The latest movie theater news and updates
April 26, 2004
PLEASANT HILL, CA — A local high student is leading an effort to preserve the domed CineArts theater. Slated to be torn down to make way for a new retail and entertainment complex, the Dome remains open (and popular) and is still a local landmark.
According to the Contra Costa Times, the demolition of the domed theater, currently exhibiting art house films, has been pushed off while developers bring in two large retailers.
Following the 1994 Northridge Earthquake, the former Warner Hollywood Theatre was closed and later leased to the University of Southern California in 1999. Despite its unremarkable exterior condition, the Pacific 1-2-3’s main lobby and auditorium are in excellent shape.
The former balcony area, which was split in the 1970s to create a triplex, remains closed.
April 23, 2004
SALFORD, ENGLAND — Andy Dixon has passed along a few more photos from the destruction of the Ambassador Super Cinema. ()
QUEENS, NY — We need your help! The art moderne Trylon Theater, located at 98-81 Queens Blvd, is greatly endangered.
A community group is poised to renovate the theater for their use. Without New York City landmark protection for the exterior of this rare surviving gem, there is no certainty that the entrance pavilion will be preserved.
PARIS, FRANCE — The huge capacity of the Grand Rex, a big atmospheric movie theatre with 2800 seats, and the evolution of the movie theater business in Paris (which is shifting to megaplexes) has convinced the owner of Grand Rex to think about the future and consider increasing the number of screens at the Rex (which has six screens in addition to its main screen — four next door and 2 underground).
A new project would add another 12 screens — with stadium seating, large glass corridors, and a lift driving patrons on the top of the building which has a terrace with a view — while preserving the original architecture of the landmarked building.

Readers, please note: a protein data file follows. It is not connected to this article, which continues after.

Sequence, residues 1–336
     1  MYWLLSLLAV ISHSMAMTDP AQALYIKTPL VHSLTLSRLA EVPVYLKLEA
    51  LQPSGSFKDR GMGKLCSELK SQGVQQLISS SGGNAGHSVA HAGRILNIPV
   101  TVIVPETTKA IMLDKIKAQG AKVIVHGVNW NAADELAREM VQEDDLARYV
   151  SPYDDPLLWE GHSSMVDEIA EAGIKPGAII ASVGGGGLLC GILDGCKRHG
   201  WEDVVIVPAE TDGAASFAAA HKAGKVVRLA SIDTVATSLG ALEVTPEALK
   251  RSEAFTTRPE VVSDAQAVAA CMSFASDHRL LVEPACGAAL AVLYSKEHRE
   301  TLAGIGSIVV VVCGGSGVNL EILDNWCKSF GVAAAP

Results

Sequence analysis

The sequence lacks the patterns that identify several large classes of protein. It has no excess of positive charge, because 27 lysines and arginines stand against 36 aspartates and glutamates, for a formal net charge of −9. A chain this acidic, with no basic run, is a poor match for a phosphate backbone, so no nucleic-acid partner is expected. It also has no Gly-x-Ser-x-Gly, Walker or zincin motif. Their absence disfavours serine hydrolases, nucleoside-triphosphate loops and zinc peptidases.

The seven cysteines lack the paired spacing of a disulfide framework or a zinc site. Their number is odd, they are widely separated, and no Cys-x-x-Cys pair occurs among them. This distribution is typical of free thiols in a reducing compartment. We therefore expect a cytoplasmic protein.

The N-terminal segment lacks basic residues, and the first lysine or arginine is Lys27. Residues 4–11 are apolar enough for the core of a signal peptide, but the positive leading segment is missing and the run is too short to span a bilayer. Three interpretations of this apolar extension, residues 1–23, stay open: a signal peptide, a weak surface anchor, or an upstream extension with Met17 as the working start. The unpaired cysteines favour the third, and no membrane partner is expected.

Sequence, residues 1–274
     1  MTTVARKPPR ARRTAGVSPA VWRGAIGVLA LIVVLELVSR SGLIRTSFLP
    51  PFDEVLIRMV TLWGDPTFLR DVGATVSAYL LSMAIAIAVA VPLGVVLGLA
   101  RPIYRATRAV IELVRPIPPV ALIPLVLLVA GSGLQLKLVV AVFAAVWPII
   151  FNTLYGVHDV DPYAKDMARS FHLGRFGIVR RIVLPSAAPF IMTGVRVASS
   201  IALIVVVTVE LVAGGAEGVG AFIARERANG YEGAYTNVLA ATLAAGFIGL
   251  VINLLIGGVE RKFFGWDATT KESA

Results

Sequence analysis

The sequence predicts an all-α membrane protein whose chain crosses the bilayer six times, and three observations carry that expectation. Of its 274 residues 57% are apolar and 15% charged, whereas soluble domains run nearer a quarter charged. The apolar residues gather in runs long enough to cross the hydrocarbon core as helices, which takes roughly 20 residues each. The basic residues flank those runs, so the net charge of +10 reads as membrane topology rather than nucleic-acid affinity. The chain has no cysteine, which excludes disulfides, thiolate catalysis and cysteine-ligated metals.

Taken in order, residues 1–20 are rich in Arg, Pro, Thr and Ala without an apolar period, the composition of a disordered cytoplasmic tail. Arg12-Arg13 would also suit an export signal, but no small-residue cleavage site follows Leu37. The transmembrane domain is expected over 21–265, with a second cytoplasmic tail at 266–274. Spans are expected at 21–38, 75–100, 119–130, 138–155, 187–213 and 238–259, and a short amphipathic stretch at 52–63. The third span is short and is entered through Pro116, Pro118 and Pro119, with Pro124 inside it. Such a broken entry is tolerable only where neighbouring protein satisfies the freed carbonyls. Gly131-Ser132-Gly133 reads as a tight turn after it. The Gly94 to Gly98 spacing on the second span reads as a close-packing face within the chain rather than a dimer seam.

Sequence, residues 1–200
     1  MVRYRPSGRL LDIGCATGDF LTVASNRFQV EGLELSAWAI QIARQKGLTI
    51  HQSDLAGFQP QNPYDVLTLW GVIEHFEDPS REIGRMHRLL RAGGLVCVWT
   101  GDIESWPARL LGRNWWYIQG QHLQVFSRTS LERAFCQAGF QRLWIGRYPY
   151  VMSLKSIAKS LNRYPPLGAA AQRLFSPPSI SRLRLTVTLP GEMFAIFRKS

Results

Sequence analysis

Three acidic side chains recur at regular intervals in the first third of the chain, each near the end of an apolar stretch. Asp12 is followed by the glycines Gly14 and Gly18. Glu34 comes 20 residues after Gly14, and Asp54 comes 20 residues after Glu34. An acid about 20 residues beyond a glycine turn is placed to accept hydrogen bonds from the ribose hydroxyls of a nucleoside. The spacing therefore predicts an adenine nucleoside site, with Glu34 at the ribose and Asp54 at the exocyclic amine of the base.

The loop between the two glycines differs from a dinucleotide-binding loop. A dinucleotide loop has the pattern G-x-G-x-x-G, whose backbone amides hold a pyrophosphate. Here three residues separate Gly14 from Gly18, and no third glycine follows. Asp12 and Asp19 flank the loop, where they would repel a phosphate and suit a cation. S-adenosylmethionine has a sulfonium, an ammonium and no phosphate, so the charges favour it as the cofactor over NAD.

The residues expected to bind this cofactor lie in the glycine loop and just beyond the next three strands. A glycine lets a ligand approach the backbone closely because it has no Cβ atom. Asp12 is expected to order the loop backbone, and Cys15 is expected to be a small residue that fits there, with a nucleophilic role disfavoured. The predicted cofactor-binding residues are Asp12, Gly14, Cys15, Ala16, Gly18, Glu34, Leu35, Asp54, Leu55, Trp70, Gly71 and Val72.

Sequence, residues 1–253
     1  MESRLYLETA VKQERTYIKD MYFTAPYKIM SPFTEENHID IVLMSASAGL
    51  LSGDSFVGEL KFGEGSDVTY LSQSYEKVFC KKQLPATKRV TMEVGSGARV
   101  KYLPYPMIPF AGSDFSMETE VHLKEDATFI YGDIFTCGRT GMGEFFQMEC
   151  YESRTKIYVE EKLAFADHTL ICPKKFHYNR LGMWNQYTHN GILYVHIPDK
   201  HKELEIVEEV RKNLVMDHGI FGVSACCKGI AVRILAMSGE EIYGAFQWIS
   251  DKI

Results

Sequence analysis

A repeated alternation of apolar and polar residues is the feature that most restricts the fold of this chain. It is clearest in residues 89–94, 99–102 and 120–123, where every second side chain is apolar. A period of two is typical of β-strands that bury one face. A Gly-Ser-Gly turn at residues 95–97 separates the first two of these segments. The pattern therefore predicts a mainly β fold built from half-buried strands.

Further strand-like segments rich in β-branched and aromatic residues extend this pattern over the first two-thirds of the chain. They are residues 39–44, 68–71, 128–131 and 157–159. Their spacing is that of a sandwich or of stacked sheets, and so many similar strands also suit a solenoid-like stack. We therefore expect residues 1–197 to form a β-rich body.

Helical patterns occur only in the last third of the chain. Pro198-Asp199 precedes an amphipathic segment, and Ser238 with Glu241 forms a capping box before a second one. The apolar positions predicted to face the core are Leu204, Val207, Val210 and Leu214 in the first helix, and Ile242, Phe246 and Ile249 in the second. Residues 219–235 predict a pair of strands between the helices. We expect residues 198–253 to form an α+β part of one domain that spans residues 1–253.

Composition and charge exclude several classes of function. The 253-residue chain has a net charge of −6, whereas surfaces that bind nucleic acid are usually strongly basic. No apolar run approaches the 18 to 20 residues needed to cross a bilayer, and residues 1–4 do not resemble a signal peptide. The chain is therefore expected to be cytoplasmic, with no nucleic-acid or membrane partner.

April 22, 2004
SALINA, KS — The Stiefel Theatre for the Performing Arts, formerly the Fox Watson Theatre, was among five winners of the 2004 Preservation Awards from the Kansas Preservation Alliance.
The Topeka, Kansas based Preservation Alliance is a nonprofit group dedicated to advancing historic preservation. There are 10 projects nominated for the statewide awards and the agency picked the top five.
The Stiefel Theatre was a $2.5 million project to restore the Fox Theatre, a movie theatre that opened in 1931. The awards will be presented April 29 in Wichita, Kansas.
April 21, 2004
A 6-1 Jersey City Council vote returns control of the Loew’s Jersey lease to the Friends of the Loews, architects race to finish studies on the future of the Yeadon Theatre, and Jaime Penuela, owner of Pittsburg’s Enean Theater, seeks a loan to continue his restoration efforts — all in today’s newsreel.
- Race is on to determine future of the Yeadon Theater
- LA’s great cinemas survive in the era of multiplexes
- That’s a wrap for Showcase Cinemas
- Coming soon: seat by seat subtitles
- Owner of Pittsburg’s Enean Theater shoots for revival
- Cinema may get £10m lifeline
- How can we save our crumbling theatres?
- Orpheum stories wanted for book
- Austin movie-theater firm has sights on S.A.
- Make your own movie with ‘The Movies’ game on the Gamecube
BURBANK, CA — In this past Sunday’s edition, the New York Times profiled the work of Lowry Digital, a state-of-the-art film scanning and restoration facility that’s been creating phenomenal digital transfers of classic films like “North by Northwest,” “Casablanca,” and “Raiders of the Lost Ark.”
Using its own proprietary software system, a fleet of super-fast G5 Power Macintoshes, and its 4K Imagica film scanner (which can scan film at twice the typical resolution), Lowry is able to provide unparalleled negative scanning and restoration services.
April 20, 2004
SALFORD, ENGLAND — As seen in the photos below, yesterday saw the complete demolition of Salford’s Ambassador Super Cinema. After all the efforts of action groups and supporters, the cinema has finally been laid to rest.
Flats will now be built on the site and the new owners will probably never know the heartache that locals felt when the theater was finally pulled down.